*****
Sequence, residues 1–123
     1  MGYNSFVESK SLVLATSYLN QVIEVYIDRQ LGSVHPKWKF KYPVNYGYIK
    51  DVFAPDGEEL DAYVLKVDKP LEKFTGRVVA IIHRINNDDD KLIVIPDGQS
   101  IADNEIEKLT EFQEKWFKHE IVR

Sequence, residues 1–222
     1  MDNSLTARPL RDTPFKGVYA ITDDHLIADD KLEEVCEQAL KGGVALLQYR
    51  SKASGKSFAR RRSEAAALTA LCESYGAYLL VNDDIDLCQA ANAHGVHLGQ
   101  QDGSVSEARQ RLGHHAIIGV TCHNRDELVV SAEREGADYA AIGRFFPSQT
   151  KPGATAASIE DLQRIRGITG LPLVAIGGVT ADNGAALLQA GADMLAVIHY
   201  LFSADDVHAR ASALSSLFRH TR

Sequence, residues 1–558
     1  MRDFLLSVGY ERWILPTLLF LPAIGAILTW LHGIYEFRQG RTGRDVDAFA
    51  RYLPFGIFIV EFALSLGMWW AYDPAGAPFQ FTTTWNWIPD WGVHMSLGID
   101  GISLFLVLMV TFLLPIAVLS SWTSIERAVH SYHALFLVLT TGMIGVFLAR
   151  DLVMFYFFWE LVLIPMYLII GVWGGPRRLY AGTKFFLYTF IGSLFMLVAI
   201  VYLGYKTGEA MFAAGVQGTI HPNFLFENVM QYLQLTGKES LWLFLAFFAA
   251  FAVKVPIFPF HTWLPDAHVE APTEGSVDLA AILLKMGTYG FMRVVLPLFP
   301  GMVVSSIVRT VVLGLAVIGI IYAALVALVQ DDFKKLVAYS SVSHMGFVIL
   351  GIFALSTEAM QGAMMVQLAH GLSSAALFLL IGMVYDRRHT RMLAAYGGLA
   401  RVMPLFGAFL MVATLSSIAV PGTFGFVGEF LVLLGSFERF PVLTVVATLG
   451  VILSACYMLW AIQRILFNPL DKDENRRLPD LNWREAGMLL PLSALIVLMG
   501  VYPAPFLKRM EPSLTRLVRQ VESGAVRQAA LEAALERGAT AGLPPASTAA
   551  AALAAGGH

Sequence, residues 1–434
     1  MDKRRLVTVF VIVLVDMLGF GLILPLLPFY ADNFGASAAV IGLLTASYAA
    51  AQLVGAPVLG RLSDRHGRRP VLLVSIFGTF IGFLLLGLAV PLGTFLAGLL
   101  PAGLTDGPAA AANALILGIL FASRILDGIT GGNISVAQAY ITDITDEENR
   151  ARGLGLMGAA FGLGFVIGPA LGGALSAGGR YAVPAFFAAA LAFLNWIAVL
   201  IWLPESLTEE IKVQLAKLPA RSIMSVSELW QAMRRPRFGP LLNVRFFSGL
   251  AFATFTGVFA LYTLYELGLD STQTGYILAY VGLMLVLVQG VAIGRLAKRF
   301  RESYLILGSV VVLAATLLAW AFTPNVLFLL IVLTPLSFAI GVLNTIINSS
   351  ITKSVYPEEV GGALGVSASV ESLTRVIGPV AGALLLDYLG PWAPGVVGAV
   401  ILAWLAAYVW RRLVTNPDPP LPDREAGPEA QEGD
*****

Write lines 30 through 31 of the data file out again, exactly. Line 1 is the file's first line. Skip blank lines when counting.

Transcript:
   251  AFATFTGVFA LYTLYELGLD STQTGYILAY VGLMLVLVQG VAIGRLAKRF
   301  RESYLILGSV VVLAATLLAW AFTPNVLFLL IVLTPLSFAI GVLNTIINSS